Monday, September 23, 2013

Breaking A Puerh Bing Cha ("Cake Puerh")

As with most "cake"Puerhs, the amount of tea used is rather difficult to measure since you will have to break off a part of the cake to make the tea and it is almost impossible to get exactly the amount you want. If you're someone who just kind of goes with the flow, then adjust steeping time and temperature according to the amount of tea. You can easily adapt and it will work just fine. However, most people want some kind of structure to follow, so will recommend three methods to break up the cake.
He Kai Shan "Green" Puerh - Bing Cha

Method one:  Break the cake apart by steaming 

Place the cake inside a clean muslin, food grade cloth bag. Be sure that the bag is of neutral color and doesn't have any aromatics. Gently steam until the tea begins to soften. Remove from steam and let it cool just a bit and gently break the cake apart. Let the broken leaves completely air dried before wrapping in cotton paper (again no aromatics from the paper) and keep the tea in an earthenware urn for safe keeping. This method help keeps the leaves more intact and doesn't produce so much broken powder. But some would hesitate to use this method, especially on older cakes, worrying that the steaming changes the flavor and if not dried completely, can cause mold to develop.

Method two: Puerh Knife
Bamboo Puerh Knife

Use a bamboo or wooden Puerh Knife. Gently insert the knife into the side of the cake, twist and life off the amount of tea you desire to use. This method produces more powder and broken leaves but is easy and no one has to worry about the steaming process changing the flavor or the potential to develop mold.

Method three: Break cake apart by hand

Gently break off a small piece by hand, starting from the edge of the cake and work your way in. The middle part of the cake is generally compressed harder and doesn't break off as easily as the thinner edges. But, as the cake ages, it becomes easier to break apart. Unfortunately, this method can cause more broken leaves and powders but it also the easiest way to get started.

Saturday, September 21, 2013

September Successes at The Farm

This week marked the completion of another critical step toward actual production at the Tea Farm. With years of continuous infrastructure problems, it's been impossible to put plants in the ground. Broken water lines and problems with the wells, struggles to install the solar power system and the persistence of the Central Valley's hot, dry summers have been constant challenges. In previous posts we've shown how we're now harvesting the sun for power. Today we can happily announce completion of the "nursery" for our infant tea plants.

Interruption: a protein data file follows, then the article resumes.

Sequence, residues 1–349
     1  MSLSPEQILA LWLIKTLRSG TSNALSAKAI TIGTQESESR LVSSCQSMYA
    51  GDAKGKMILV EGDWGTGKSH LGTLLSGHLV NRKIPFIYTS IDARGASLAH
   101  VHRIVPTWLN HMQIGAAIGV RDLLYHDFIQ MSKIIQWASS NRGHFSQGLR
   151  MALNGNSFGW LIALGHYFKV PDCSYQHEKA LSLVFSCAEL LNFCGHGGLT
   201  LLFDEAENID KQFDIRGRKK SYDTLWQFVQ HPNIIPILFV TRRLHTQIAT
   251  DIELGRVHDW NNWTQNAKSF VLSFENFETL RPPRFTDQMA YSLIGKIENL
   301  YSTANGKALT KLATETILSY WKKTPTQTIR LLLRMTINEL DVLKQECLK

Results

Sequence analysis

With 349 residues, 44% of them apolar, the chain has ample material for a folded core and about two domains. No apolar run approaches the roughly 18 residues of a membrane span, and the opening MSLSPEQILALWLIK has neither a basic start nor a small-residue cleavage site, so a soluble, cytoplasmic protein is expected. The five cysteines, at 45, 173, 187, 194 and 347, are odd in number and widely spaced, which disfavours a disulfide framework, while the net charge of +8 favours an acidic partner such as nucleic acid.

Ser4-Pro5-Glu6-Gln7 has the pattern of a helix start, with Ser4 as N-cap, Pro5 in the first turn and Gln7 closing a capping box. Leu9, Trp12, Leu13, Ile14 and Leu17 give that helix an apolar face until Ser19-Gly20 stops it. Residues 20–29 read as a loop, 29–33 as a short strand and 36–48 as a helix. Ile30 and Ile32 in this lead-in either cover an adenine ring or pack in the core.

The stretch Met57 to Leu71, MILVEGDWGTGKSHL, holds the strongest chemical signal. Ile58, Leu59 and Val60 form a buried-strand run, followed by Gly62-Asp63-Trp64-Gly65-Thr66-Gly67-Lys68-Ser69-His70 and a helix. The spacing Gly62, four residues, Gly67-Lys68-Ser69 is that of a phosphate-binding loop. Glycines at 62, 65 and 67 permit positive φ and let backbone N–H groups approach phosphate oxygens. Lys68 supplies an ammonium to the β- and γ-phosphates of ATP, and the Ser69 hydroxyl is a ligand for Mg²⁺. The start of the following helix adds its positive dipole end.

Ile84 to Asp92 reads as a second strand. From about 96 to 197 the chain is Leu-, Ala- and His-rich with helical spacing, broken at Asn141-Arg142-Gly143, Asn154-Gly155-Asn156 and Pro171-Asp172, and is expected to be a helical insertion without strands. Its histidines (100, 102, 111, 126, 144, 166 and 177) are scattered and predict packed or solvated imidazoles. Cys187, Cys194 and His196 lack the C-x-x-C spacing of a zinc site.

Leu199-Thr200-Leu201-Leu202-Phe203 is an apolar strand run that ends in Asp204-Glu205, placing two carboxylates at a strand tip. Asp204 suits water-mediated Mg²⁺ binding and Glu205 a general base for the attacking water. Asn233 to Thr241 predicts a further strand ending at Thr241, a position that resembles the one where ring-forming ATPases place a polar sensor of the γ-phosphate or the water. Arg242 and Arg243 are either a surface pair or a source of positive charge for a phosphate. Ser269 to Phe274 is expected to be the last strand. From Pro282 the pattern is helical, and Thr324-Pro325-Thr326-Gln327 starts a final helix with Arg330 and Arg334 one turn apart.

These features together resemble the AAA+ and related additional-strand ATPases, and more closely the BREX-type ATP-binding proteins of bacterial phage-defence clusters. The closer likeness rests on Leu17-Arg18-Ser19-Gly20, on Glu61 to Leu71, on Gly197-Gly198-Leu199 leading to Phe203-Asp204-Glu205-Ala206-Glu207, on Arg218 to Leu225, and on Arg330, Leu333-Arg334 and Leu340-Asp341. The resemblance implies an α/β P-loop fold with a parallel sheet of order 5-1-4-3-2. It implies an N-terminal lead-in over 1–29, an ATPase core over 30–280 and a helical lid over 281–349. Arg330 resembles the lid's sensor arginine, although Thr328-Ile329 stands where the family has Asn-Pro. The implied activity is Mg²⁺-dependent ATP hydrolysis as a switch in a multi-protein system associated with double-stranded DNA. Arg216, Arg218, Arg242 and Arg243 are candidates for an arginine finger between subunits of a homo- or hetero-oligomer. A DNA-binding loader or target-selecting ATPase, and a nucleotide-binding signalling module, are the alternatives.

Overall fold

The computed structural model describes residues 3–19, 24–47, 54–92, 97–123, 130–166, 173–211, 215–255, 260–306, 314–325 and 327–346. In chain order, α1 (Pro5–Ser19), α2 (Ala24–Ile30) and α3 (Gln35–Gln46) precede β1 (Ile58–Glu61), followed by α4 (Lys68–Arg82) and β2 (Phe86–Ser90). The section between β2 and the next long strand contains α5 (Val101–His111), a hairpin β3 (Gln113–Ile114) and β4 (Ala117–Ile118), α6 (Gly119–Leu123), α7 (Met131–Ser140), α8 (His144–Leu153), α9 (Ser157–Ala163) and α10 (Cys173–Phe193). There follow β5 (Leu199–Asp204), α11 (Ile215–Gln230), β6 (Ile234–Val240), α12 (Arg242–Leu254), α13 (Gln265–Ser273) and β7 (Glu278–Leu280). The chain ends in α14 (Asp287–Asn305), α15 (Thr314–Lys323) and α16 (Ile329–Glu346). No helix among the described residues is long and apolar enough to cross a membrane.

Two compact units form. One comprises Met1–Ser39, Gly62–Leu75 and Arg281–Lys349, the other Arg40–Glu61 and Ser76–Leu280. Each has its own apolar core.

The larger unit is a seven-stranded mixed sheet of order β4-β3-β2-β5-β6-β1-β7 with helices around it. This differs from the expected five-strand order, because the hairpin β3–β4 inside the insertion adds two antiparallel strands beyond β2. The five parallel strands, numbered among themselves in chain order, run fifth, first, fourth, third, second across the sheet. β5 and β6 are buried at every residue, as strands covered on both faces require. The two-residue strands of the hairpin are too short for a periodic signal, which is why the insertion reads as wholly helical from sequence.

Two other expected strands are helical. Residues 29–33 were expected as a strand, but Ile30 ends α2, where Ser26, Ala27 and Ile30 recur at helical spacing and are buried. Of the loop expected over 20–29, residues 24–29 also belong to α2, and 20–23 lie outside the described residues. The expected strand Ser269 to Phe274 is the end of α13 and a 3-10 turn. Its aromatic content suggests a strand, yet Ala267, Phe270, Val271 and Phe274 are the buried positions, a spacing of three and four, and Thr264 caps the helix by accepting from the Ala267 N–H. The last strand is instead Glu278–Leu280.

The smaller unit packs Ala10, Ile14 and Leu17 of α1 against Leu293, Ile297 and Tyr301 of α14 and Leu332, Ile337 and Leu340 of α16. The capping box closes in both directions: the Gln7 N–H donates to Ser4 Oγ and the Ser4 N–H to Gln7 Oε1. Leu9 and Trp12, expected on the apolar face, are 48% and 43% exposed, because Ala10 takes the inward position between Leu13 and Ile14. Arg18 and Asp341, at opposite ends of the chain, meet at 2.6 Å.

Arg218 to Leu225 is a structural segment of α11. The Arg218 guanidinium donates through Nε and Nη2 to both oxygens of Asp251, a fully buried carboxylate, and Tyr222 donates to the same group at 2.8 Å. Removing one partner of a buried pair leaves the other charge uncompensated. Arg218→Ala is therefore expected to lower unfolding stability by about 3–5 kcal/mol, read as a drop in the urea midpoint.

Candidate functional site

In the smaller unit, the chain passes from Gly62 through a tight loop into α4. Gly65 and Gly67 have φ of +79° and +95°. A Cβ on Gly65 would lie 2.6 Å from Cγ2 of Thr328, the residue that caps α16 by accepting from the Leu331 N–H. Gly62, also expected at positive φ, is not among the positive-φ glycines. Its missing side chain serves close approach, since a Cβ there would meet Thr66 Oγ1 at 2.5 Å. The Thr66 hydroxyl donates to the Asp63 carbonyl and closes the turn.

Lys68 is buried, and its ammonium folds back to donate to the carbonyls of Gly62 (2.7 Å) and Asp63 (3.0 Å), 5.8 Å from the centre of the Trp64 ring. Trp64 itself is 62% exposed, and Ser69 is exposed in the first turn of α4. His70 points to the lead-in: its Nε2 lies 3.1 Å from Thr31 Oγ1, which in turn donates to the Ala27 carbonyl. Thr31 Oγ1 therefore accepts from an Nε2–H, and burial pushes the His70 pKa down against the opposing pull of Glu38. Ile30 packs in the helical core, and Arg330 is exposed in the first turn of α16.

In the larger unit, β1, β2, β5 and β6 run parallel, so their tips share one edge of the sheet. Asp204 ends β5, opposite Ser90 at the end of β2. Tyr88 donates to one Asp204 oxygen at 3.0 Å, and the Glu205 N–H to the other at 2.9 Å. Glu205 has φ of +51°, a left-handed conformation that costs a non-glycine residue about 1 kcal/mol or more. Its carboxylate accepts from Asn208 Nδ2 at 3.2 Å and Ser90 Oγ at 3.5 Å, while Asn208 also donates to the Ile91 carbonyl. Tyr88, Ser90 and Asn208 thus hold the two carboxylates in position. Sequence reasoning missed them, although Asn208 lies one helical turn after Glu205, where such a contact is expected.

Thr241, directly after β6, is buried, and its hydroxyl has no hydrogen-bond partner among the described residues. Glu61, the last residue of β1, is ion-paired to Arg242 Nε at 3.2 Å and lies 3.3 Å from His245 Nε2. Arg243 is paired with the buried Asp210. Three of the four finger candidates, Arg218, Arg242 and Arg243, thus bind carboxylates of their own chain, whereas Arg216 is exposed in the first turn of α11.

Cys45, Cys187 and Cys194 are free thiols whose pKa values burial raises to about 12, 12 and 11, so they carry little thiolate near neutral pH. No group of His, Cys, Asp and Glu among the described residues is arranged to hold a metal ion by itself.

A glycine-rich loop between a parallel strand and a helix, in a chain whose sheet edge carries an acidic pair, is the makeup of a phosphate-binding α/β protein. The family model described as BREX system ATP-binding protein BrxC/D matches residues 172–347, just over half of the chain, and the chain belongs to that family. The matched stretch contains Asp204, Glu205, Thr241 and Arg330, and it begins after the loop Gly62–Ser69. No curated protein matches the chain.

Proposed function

Greenhouse - Southwestern Exposure

We've replaced the original clear plastic siding with a single sheet of opaque white plastic and then a covering layer of black solar netting to further help with naturally reducing interior temps when it's 100+ outside but also keeping it cozy when the mercury drops. You can see how these layers have been strapped to the the ground with cables so that the wild winter winds can't rip it away.

Adding the new plastic covering

A cooling system of mist and fans maintains the interior humidity, providing the young tea plants with their preferred tropical climate. A complex system of fans, misters and automated monitors will keep the humidity a stable minimum of 40%.
Inside the greenhouse

Custom built hydroponic trays will soon house thousands of new cuttings.
Tea & Bamboo
Along with the tea, we're also testing strains of jasmine, bamboo and olive trees.

We now anticipate an Grand Celebration by next Fall with a BBQ and general festivities.
So, stay tuned!

Saturday, August 31, 2013

Imperial Gaiwan Collection Update

You may have noticed that we recommend using gaiwan preparation for almost every tea we offer. While it may take some practice to hold properly and strain without spilling, we think that you will come to love this classic piece of teaware.

That is one reason we invest so much in providing fine gaiwans made of lovely bone china and decorated with designs inspired by the royal Chinese courts. 

Wednesday, July 24, 2013

This is my final day at the factory. With our Yin Hao and Jasmine Pearls taking seven days to finish scenting, I simply ran out of time.  (Multiple scenting with fresh flowers every day.)

I inspected last night's pile of scented tea this morning and cupped them after the flowers are removed from the tea and I am happy with the progress. I am also smart enough to leave so the real pros in the factory can finish the work without me peering over their shoulders.


I will be on a plane back home tomorrow and the thought of an airport and 12 hours of flying sound good. There's a limit than an overweight, 57-year-old body can take . . .

Monday, July 22, 2013

Picking Fresh Jasmine Flowers

In the throes of jasmine harvest, the intense heat of summer and the humidity of monsoon season, the delicate beauty of the fragrance of this delicate white flower will be absorbed by and preserved in the tea.

A fully opened, white jasmine flower of the specific varietal used to scent tea is puffy when fully opened.

The flowers are picked by hand in the early morning hours before they open. In that way, the most intense "release" of their perfume is saved for the tea.

 I had to laugh when I discovered some stray bean plants growing in the jasmine field.